I Gave Up Plastic Plates for A Year (Here’s How it Went)
Last year my cabinets stayed stocked with plastic or foam plates, sitting on top of my ceramic plates that rarely got used. I purchased the large package from the wholesale store to ensure we always had plenty. After all, they are just so convenient. I can’t recall when I started relying on them so heavily, but my best guess is I picked up the habit when I was a college student and it stuck.
April 2019 when I noticed I was low on plastic plates, I made a conscious decision to not buy anymore. I had been making many lifestyle changes over the last decade, but somehow this one had flown under my radar. At this time I had a 5-year-old and a 2-year- old, so we could go through quite a bit of these plates in a week. I informed my husband that from now on we would no longer purchase plastic plates, instead use the dishes in the cabinets. I have never liked washing dishes, therefore my husband does a good portion it. But I do the majority of the cooking, so I think it’s a fair trade. Fortunately, I didn’t get much push back from him, and our foam-free plate journey began. When I hosted my parents for Easter dinner I announced my intentions that we were no longer going to use plastic plates.
My top 3 reasons for ditching plastic plates:
- Plastic is not the most environmentally friendly product.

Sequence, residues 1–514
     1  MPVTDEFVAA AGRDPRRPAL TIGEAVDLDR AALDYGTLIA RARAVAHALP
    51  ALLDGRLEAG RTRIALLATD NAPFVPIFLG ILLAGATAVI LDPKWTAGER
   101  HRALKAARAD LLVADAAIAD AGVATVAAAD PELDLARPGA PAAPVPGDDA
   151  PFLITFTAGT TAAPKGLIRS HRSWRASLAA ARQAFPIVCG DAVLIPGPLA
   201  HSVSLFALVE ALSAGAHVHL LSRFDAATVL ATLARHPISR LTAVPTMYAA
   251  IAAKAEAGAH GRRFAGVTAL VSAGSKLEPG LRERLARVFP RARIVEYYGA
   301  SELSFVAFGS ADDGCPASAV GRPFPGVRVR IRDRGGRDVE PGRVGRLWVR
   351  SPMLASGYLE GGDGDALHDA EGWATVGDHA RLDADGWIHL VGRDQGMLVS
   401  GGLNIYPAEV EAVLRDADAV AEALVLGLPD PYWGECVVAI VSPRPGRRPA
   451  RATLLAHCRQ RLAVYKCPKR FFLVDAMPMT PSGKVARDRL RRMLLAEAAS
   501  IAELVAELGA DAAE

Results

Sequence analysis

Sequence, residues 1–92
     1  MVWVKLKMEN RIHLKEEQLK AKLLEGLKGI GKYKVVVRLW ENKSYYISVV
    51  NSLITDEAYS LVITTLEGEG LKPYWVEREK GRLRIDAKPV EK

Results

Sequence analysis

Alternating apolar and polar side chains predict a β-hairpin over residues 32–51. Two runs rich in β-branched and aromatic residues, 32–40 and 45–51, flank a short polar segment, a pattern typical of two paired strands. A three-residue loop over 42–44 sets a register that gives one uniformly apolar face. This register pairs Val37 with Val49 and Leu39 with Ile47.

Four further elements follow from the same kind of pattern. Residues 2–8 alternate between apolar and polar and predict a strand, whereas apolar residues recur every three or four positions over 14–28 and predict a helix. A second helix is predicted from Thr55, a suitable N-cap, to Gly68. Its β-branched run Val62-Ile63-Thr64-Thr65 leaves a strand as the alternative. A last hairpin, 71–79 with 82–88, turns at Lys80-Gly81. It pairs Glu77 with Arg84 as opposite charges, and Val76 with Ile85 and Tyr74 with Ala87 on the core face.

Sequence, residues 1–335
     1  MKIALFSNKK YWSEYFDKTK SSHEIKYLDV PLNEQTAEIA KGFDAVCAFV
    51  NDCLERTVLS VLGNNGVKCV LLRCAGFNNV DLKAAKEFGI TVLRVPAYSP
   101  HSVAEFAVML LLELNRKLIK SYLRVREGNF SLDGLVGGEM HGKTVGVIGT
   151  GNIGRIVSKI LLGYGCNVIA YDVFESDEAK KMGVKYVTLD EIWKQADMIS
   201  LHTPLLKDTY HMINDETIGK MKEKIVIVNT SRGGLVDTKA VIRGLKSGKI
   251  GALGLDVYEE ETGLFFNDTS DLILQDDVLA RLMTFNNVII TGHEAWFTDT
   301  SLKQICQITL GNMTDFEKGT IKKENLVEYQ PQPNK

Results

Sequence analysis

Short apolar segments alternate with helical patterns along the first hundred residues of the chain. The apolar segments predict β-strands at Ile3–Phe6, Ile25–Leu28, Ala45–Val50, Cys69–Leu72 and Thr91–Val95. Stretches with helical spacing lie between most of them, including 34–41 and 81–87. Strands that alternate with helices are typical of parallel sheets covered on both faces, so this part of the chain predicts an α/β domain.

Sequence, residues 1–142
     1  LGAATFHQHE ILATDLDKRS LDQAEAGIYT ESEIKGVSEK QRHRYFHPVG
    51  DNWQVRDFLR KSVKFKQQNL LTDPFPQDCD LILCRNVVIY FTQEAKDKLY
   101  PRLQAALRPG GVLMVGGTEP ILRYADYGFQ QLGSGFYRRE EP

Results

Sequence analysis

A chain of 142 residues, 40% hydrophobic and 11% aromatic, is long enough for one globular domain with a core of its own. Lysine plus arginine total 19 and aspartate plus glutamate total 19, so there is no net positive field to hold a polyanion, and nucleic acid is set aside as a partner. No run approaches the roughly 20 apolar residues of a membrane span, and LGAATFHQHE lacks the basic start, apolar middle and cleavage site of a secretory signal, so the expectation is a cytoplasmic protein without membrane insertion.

- Heating plastic in microwave is likely harmful to my health.
- Minor cost-savings, as I was buying it to use once then throw away. What a waste.
This past year has been way easier than I thought it would be. I never had that moment of weakness where I felt the need to turn back. This is our new normal, and the only way I want my kids to remember eating their meals. They love helping to set the dinner table and placing their dirty dishes to the sink. My dishwasher got put to work after being on an extended vacation. Did you know it saves water by using it versus running a bunch of water to hand wash? The cost savings isn’t a big factor, but a dollar saved is a dollar earned, right? Depending on how often you buy them you could save anywhere from 50-$100 + dollars a year. My estimate is we probably saved around $80 from not purchasing them.
Now in full disclosure, I have purchased disposable plastic plates twice in the last year. Once in preparation for a hurricane, I bought a small pack from the dollar store for emergency preparedness. The second time was when I hosted Thanksgiving for around 30 people, I purchased the clear cut crystal Chinet plates because I didn’t have enough of my dinnerware. But when I tell you I was looking for alternatives and made several trips to stores to see if there was a better option.
Are you still using plastic plates every day? If so, here’s my advice if you still using paper plates. Quit cold turkey. Don’t buy anymore when run out, and you’ll get used to it in no time. You are special enough to eat on the “good” plates. If giving up plastic plates is not for you, review your lifestyle and consider what you can do to be more environmentally friend